Start with the case citation. For example, Giannarelli v Wraith (1991) 171 CLR 592
The abbreviation between the two numbers is the name of the report series. You can find many in our table of Common case abbreviations.
Alternatively, look up the meaning of the abbreviation within the citation to find the correct report series using the Cardiff Index to Legal Abbreviations.
The number before the report abbreviation is the volume or year, and the number after the report abbreviation is the location of the case in that volume or year.
A caselaw database may have a browse option for finding cases on a topic. For example, in Australian Current Law (ACL) Reporter on LexisNexis AU (LNau) you can browse for cases on a topic by expanding the Table of Contents. Look at the database 'help' pages and guides for database specific browsing instructions.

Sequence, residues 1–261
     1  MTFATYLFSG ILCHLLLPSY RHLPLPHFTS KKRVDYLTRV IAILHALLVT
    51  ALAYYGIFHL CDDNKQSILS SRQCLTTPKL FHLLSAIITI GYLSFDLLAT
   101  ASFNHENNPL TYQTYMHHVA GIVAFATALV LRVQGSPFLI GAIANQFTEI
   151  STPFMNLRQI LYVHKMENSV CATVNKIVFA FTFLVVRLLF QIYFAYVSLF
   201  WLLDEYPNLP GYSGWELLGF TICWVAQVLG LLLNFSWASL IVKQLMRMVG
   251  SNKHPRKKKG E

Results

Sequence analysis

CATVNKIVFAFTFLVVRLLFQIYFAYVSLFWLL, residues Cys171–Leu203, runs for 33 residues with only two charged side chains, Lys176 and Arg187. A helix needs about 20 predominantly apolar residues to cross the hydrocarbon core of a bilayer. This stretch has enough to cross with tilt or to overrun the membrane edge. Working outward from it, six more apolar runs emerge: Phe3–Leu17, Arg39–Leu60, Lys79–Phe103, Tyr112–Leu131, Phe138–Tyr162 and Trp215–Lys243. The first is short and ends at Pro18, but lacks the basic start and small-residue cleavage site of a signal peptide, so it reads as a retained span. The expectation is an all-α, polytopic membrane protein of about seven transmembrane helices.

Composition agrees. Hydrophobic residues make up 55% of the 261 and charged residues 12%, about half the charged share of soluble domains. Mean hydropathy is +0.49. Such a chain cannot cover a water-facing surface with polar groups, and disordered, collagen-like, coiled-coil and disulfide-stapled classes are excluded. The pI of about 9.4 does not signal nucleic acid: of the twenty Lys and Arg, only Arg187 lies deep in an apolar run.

Generate keywords from the legal issues you identify. Consider using alternative keywords as illustrated in the box above. You will find alternative keywords in your background reading, thesauri and subject fields of the results you find when searching. Look at the database 'help' pages and guides for specific keyword instructions.
Use the fields available in a search template to return highly relevant results. For example, in a citator or full text judgments database, a catchword field search for "battered woman syndrome" will only retrieve cases where the phrase is contained in the catchwords. Look at the database 'help' pages and guides for database specific Field information.
Except where otherwise noted, content on this site is licensed under a Creative Commons Attribution-NonCommercial-ShareAlike 3.0 Australia License.
QUT acknowledges the Traditional Owners of the lands where QUT now stands.